The Symbolism and Meaning Behind the Laughing Buddha Statue

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The Jolly Laughing Buddha is also known as Hotei or Pu-Tai. He is extremely popular in China where he is also known as the Loving or Friendly One. He is derived from an eccentric Chinese Zen monk who lived well over a thousand years ago and

He is now a dominant feature of Buddhist and Shinto culture. He has a very open and jolly demeanour he was regarded as an incarnation of the Maitreya bodhisattva who will be the Future Buddha. He has large protruding belly and jocular smile have and is known commonly as the «Laughing Buddha.»

His features graces many temples, restaurants, and jewellery and has come to represent a Buddha of contentment and abundance. He is nearly always seen carrying a linen sack which is always full and is full with many valuable items, such as rice plants (indicating wealth), sweets for children, food items, or the grief of the world. He is the Buddha of the weak, the poor and children.

Laughing Buddha Wooden Statues

These statues are usually represented by a fat, smiling or laughing bald man in monk’s robes and has an exposed pot-bellied stomach symbolizing happiness, good luck, and good fortune. Some statues also have small children at his feet. These statues often have an alm’s bowl representing his Buddhist nature.

In other depictions he may be found on a cart drawn by children, or holding a fan called an oogi. All of these features represent him as an itinerant monk who travels taking away the sadness from the people of the world.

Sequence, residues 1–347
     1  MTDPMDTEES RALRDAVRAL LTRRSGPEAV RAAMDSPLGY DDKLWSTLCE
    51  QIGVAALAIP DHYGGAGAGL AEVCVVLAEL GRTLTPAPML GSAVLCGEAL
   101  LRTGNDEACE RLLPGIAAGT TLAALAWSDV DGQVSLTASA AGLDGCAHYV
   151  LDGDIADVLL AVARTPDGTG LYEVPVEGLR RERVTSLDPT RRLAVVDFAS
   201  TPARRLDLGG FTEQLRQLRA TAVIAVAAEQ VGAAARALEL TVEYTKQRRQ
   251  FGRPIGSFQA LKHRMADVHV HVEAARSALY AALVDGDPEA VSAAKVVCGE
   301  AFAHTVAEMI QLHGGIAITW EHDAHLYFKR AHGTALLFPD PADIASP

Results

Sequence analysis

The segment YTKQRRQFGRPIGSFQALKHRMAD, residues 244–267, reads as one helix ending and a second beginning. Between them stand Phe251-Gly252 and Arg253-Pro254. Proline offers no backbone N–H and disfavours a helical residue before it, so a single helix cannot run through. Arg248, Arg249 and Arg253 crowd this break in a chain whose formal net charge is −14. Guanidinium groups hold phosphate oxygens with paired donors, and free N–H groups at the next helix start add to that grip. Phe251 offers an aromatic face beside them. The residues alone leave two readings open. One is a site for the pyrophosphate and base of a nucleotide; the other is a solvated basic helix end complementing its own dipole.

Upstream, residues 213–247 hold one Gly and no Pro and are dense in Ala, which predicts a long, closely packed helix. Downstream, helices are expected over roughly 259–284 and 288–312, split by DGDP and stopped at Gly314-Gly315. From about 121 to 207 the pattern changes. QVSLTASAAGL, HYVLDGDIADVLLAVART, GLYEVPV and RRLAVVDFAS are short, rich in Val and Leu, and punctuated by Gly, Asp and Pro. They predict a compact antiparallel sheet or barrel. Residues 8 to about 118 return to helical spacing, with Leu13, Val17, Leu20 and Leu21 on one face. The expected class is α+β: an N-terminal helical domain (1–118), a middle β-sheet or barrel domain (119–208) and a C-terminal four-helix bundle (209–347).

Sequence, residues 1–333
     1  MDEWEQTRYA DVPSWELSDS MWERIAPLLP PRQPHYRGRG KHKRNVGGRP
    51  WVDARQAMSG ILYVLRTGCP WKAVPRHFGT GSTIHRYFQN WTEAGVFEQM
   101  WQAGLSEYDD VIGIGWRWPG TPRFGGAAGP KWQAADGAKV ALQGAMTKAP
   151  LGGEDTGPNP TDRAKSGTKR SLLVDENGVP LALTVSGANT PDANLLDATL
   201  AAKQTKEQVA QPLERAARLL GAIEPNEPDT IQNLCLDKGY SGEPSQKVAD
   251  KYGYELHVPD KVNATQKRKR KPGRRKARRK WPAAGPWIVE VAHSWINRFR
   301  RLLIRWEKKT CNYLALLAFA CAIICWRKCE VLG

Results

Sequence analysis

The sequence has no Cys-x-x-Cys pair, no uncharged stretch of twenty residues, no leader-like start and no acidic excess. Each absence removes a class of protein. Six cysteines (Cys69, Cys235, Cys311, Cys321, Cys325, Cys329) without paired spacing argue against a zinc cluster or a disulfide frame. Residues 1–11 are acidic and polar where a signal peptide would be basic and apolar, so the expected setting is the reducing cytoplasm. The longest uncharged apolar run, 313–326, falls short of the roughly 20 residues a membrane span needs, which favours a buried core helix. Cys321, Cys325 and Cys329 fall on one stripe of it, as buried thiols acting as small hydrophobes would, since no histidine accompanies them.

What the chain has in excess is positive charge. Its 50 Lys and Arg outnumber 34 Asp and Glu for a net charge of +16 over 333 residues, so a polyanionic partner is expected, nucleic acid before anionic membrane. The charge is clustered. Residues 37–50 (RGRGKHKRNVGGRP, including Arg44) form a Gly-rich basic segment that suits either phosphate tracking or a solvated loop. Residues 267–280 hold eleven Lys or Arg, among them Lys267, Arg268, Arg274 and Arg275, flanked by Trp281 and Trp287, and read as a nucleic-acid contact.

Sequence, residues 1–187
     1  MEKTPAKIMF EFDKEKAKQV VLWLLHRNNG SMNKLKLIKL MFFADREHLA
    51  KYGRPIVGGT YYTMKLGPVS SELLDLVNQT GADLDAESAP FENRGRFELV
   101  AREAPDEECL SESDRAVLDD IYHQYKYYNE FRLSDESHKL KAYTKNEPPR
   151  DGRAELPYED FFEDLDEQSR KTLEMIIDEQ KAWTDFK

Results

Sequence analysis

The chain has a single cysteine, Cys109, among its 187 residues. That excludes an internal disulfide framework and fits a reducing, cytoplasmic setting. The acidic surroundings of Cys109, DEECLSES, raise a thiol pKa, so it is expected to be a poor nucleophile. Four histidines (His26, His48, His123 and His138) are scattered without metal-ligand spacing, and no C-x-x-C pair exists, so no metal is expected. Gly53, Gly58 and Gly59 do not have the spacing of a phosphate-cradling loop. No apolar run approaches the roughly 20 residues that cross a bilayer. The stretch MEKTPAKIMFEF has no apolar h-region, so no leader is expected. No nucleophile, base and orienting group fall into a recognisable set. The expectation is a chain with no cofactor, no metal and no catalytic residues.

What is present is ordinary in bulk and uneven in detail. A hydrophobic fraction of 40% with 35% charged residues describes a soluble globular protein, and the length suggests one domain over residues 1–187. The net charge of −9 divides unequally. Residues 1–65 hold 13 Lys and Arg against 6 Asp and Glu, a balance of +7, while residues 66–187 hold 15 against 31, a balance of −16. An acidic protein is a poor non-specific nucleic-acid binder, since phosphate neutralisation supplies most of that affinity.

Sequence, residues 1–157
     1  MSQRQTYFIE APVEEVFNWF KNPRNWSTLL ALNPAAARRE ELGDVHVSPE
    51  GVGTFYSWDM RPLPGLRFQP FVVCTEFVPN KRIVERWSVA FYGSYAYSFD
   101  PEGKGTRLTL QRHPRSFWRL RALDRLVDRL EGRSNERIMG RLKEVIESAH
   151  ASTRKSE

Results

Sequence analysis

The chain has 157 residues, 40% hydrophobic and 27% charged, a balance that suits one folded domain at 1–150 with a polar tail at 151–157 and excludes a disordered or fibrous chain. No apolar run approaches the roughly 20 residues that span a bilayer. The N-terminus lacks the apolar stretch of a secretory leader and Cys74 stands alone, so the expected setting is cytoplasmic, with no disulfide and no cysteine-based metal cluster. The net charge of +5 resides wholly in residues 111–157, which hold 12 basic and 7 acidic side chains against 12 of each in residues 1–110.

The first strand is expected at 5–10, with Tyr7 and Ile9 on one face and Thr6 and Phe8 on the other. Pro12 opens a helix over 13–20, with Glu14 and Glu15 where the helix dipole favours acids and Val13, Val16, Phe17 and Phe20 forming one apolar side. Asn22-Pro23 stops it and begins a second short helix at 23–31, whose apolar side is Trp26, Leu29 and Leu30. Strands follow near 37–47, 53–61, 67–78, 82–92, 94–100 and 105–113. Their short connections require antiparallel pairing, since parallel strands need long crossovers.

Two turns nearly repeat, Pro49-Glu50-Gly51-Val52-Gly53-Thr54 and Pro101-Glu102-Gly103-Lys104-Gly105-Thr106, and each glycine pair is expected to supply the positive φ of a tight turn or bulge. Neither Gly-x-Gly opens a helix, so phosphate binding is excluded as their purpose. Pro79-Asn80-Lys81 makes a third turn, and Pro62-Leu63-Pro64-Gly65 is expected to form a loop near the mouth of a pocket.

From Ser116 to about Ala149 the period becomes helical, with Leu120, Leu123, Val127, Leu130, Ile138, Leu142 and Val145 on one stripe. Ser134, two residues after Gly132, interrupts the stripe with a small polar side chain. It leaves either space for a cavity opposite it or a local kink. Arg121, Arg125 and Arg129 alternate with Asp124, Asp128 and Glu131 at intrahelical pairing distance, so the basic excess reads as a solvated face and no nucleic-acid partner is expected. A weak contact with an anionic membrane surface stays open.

Legend has it if you rub his large stomach, it will produce wealth, good luck, and good fortune. He is also the patron saint of restaurateurs, clairvoyants and bartenders. When one drinks or eats too much friends blame it on the Laughing Buddha’s influence.

Very Large Laughing Buddhas

In Taiwan there are only four Buddhist temples which have him as their main Buddha. The Treasure Cognition temple in Taichung houses Taiwan’s largest statue with his bald head touching the ceiling of the main temple hall.

The Lingyin Temple in Hangzhou China has the largest one in China. It is carved from camphor wood and stands over 60 feet tall, and is gilded with over one hundred ounces of gold leaf.

The Lama Temple which is the only Buddhist temple in Beijing, China has the largest Laughing Buddha carved from single piece of wood.

The Laughing Buddha and Zen

The Laughing Buddha was travelling and handing out sweets to poor children and asking for a penny from Zen monks or the laity he met on the way. One day a monk comes up to him and enquires, «What is the meaning of Zen?» the monk drops his linen sack. «How does one realize Zen?» he replied. The laughing Buddha then took up his sack and went on his way.



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